They are also scratch resistant and stain resistant, although this doesn’t mean that you can just leave your sink covered in dirt and grime and expect to be able to wipe it off in a few days with no marks left. We highly recommend cleaning it after every use - even if it’s just with a damp cloth - and then giving it a proper clean once a week with Reginox Total Clean.
Granite sinks are in general more expensive than stainless steel sinks, but even so they are available from around the £150 mark. Expect to pay slightly more for delivery as well because they are heavier and more fragile in transit. Whilst they are more expensive than stainless steel sinks, the difference in quality between a cheaper and more expensive granite sink isn’t as much as the difference in quality between cheap and expensive stainless steel sinks.
- Extremely durable - most granite sinks are heat, stain and scratch resistant
- Prices are coming down all the time
- Anti-bacterial surface which is also easy to clean
- Lengthy guarantees
- Huge range of colours, sizes and styles available
- Very hard surface that can damage things that are dropped on it
- Require careful maintenance
- Heavier than stainless steel so need a more sturdy worktop
Fireclay Ceramic Sinks
Ceramic kitchen sinks are still the traditionalists choice. Go into almost any traditional-style kitchen and you’ll find a ceramic sink, and thanks to their durability, there’s a chance that it’s been there for as long as the kitchen. A well maintained ceramic sink can last a lifetime, and thanks to them being easy to clean as well as heat resistant, it can look just as good as the day you bought it.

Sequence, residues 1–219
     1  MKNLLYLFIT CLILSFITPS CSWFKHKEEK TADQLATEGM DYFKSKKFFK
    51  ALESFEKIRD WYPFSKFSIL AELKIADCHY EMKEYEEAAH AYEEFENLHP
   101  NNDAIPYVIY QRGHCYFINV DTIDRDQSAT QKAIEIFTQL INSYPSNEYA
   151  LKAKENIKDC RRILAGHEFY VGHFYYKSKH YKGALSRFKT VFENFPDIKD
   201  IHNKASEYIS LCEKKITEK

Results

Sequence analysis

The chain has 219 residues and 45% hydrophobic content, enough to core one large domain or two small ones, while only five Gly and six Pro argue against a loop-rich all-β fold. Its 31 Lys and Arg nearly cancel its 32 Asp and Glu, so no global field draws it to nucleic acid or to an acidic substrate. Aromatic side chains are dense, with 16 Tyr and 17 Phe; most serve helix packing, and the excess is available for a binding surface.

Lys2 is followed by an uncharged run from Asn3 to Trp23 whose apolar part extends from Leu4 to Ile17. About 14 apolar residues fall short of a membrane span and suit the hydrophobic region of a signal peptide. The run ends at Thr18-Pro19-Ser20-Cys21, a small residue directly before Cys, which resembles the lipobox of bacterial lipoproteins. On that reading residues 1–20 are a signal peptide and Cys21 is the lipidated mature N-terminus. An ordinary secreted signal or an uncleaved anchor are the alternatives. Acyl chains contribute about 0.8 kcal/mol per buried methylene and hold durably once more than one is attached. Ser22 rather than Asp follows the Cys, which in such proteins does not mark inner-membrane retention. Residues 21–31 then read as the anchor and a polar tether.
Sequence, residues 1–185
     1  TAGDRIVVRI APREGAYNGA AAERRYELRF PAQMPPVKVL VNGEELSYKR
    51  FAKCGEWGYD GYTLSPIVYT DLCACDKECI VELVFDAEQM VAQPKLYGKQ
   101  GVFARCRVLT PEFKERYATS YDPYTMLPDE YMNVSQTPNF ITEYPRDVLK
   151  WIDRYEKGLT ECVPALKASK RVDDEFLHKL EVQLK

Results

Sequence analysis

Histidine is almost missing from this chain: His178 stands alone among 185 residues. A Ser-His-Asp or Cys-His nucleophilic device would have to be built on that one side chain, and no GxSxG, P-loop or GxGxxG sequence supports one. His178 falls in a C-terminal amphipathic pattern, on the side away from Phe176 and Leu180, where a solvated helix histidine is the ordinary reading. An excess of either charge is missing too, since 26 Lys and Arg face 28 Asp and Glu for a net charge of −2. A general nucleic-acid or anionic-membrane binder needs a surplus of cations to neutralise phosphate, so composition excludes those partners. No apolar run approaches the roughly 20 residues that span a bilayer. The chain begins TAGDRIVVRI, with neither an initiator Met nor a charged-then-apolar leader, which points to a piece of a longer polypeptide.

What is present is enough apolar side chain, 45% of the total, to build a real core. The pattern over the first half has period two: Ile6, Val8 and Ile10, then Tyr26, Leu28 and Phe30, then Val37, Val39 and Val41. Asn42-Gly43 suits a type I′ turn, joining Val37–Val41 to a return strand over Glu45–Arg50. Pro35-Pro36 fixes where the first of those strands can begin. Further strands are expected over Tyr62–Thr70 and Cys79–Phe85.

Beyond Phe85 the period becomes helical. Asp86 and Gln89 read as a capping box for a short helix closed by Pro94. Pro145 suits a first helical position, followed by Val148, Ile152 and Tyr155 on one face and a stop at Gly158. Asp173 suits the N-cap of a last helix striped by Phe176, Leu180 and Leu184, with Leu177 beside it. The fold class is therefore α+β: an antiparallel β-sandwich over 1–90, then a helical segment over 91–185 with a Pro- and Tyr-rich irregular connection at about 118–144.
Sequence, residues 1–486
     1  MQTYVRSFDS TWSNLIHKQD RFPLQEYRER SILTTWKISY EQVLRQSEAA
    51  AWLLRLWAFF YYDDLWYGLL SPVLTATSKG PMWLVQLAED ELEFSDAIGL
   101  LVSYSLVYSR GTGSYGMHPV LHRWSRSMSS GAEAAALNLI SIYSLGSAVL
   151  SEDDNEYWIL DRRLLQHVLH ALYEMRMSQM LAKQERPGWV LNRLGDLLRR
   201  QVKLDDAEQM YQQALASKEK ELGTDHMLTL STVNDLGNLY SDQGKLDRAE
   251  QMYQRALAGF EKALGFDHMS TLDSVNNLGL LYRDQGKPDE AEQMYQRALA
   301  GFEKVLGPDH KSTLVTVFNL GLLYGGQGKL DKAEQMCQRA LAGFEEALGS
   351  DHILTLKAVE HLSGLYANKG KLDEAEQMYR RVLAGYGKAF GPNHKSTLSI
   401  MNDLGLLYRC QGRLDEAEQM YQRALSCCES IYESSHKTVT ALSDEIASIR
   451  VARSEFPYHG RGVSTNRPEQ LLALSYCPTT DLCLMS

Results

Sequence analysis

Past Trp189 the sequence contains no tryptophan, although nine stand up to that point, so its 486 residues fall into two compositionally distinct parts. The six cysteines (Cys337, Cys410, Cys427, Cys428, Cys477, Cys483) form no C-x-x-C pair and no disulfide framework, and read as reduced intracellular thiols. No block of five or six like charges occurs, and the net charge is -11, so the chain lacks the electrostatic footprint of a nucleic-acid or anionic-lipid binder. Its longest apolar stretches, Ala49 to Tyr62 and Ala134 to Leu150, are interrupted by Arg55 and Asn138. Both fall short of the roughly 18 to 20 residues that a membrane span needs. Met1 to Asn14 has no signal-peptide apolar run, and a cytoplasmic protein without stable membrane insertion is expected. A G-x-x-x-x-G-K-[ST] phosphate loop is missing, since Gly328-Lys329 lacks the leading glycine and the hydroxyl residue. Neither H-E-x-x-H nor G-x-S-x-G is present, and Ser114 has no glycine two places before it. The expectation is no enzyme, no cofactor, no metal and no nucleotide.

We have a ceramic kitchen sink in the Tap Warehouse office, and even if tea bags are left in it overnight, it simply takes a wipe of a damp cloth the next morning to have it sparkling clean again. Even if they’re left in over the weekend, on Monday morning it can still be wiped clean - although it may require a little more elbow grease. Of course, we don’t actually recommend doing this; we suggest that you wipe your sink clean after every use as things like red wine can cause more lasting stains.
Ceramic kitchen sinks are the most expensive option, but you still don’t have to break the bank to buy one. Like granite kitchen sinks, they are available from around the £150 mark, but again like granite, you will pay slightly more for delivery due to their fragile nature when in transit. Ceramic kitchen sinks aren’t suitable for everyone though; because of their weight, you must first make sure that your worktop can handle one. This is important if you are planning on top mounting your sink, and it is even more necessary if you are planning on buying a ceramic undermount sink or a Belfast sink.
- Easiest to maintain and keep clean
- Extremely durable - heat and stain resistant
- Effortlessly stylish
- Withstands most household chemicals
- A more expensive option
- Can chip (although can be repaired)
- Very heavy and less choice available
So, there we have it, a look at the pros and cons of the different kitchen sink materials. There are no bad materials, it all just depends on what your requirements are and what your style preferences are. Even the cheapest stainless steel sink can be right for you, and as long as it’s looked after properly, it can last just as long as any other sink.